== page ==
Hard-working professionals are seeking ways to diversify their income and create the lifestyle of their dreams. Many have turned to real estate, but a growing number are investing in apartments instead of single family houses.
For most, apartment investing or multifamily sounds like an excellent way to add another income stream, but they don't know enough about the subject to take the next step. The truth is there are many approaches to get in the multifamily game and start earning passive income.
You might be thinking that this sounds too easy. Well, it definitely takes work and we’ll cover some of the pros and cons of investing in apartments. But first, let’s define this alternative investment.
What Is Multifamily?
As the name implies, multifamily is a building or structure designed to accommodate several families in different housing units. It comes in many forms, duplexes, triplexes, quadruplexes, townhomes and apartment building. It may be owned by an individual, a business, or an individual who purchased a unit.
Investing in apartments is attractive for the various benefits, especially for high income earners seeking tax relief, but there are some drawbacks to consider. As you weigh your options, take a look at its pros and cons.
Pro: Favorable Returns on Multifamily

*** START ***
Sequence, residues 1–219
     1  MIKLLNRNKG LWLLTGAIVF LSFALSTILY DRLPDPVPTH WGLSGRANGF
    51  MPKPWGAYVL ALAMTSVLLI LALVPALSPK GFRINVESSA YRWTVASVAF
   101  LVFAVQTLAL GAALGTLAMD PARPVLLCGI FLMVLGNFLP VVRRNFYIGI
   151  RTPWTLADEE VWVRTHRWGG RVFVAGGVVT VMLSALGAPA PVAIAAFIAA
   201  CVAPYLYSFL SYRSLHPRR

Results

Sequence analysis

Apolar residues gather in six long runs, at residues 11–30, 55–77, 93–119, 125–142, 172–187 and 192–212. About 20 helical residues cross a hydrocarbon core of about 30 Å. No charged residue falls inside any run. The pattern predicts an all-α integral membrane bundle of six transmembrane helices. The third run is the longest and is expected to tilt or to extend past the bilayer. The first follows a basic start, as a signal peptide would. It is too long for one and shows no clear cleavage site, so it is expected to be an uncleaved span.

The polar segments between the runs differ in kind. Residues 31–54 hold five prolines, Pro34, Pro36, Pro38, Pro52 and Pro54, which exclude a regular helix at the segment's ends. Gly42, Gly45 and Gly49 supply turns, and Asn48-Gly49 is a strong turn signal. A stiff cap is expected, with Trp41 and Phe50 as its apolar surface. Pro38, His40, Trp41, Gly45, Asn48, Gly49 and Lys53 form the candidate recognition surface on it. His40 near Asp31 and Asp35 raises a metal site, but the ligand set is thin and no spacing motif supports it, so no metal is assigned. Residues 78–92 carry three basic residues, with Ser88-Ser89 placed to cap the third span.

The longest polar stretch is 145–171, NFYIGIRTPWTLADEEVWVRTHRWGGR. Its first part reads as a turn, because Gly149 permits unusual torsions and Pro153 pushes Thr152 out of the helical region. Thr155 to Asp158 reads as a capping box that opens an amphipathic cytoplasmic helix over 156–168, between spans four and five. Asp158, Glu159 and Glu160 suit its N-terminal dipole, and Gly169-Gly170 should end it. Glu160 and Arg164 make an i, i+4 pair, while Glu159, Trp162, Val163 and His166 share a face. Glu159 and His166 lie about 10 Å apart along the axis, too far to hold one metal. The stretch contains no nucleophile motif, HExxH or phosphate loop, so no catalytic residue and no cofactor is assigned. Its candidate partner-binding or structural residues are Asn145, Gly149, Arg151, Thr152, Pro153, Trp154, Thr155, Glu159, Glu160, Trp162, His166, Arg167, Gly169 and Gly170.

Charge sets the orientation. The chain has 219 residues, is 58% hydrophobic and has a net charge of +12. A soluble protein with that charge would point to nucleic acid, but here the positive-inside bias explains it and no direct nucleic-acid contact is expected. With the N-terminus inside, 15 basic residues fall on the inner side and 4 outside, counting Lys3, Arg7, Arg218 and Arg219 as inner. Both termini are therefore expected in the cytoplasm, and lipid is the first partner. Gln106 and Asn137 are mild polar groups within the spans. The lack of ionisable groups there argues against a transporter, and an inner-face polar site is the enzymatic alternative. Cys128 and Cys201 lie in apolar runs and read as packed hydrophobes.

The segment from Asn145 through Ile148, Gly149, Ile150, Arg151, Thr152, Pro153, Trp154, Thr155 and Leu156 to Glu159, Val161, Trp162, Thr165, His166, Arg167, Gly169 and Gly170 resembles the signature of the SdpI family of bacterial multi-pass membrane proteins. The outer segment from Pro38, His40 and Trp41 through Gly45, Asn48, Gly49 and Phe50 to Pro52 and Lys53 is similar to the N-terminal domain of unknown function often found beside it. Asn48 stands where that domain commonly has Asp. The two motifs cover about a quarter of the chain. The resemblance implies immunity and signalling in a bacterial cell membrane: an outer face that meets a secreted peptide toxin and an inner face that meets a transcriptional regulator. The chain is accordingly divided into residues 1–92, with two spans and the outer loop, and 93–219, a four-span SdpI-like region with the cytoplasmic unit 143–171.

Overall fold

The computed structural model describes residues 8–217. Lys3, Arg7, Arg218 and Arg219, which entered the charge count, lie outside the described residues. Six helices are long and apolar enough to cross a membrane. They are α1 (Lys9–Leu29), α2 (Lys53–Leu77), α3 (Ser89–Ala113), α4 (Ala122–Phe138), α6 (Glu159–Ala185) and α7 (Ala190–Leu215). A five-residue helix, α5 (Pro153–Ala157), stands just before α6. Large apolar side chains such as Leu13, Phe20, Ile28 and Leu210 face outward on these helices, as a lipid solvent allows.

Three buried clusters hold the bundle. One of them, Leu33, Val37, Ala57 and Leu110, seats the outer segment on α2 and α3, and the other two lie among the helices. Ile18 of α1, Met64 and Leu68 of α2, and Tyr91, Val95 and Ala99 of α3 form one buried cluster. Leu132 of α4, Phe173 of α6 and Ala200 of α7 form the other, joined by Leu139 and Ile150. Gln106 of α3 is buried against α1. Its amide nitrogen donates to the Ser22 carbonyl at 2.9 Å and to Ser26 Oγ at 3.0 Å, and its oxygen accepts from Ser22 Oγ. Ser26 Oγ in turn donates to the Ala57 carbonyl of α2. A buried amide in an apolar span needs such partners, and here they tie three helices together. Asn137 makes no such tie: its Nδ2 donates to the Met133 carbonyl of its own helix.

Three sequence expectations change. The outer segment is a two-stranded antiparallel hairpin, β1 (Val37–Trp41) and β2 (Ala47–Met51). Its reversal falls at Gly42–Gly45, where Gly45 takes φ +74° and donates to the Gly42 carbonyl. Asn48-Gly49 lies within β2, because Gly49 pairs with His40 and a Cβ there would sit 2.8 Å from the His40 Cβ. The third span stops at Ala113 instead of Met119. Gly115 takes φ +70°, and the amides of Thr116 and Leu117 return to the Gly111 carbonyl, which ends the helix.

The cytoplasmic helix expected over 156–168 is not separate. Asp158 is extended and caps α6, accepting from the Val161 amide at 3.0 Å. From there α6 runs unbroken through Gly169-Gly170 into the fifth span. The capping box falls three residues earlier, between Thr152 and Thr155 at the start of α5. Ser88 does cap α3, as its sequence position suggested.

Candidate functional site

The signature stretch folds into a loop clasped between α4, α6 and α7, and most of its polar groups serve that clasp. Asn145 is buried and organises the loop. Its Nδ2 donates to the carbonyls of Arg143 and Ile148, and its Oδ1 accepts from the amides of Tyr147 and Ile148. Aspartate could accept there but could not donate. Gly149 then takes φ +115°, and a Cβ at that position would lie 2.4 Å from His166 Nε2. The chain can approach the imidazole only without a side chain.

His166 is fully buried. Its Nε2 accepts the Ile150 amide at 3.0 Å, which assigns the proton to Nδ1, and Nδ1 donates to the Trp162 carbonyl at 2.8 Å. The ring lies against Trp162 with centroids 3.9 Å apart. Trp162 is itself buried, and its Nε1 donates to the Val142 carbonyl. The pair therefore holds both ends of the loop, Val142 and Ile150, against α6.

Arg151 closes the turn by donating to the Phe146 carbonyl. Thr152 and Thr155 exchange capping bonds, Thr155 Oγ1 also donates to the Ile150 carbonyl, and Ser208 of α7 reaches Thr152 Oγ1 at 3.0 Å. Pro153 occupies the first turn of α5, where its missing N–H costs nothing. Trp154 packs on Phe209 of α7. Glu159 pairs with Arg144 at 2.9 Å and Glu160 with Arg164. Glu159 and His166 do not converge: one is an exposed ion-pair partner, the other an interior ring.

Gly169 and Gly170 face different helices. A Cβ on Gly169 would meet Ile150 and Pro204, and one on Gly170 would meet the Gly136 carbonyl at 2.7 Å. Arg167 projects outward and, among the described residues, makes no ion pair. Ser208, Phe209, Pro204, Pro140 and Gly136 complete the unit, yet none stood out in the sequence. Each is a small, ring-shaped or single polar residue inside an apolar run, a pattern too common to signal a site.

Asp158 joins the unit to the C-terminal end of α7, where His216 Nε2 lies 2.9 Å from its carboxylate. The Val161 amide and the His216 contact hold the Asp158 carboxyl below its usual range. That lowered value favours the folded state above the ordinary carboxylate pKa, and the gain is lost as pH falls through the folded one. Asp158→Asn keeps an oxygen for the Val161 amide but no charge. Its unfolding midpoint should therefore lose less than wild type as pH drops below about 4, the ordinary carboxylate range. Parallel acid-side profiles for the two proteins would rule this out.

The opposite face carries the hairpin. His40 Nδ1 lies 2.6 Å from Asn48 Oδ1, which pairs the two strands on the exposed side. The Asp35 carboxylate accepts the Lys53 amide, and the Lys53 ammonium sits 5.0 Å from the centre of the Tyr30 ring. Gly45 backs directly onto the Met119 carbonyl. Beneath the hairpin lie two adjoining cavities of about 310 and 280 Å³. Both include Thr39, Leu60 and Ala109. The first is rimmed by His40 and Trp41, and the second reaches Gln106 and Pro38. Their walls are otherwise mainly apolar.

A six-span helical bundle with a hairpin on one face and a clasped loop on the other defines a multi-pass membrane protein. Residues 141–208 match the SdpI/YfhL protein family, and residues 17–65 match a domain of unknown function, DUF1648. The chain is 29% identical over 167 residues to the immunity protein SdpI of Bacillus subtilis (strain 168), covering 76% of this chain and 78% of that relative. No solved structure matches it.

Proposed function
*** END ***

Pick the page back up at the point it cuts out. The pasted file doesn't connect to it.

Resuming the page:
As you might expect, you’ll generate larger cash flow in multifamily compared to a single-family home. Cash flows from rental income is the money left over after all expenses and mortgage payments. Cash flow isn’t just king, it is the cornerstone of multifamily investing.
Effectively managing cash flow can drive impressive returns that are hard to match from other investments. Even conservative returns from apartments tend to be favorable to other asset classes.
Related Podcast: How to Create a Lifetime of Cash Flow with Rod Khleif
Con: Requires A Large Cash Outlay
The acquisition of an apartment building requires a large cash outlay, covering the down payment, closing costs, fees, reserves and any capital expenditures to stabilize operations. This amount can quickly add up to a sizable figure.
Pro: Control on Appreciation and Value
Unlike single-family homes, which are valued based on comparable home sales, values for apartment buildings are determined by the income they produce in relation to other apartment buildings in the area.
Typically, you’ll have clear comps for rents, sales and income producing extras such as parking and laundry to inform operational decisions. This enables investors to force appreciation by simply increasing income or decreasing expenses.
Con: A Non-liquid Asset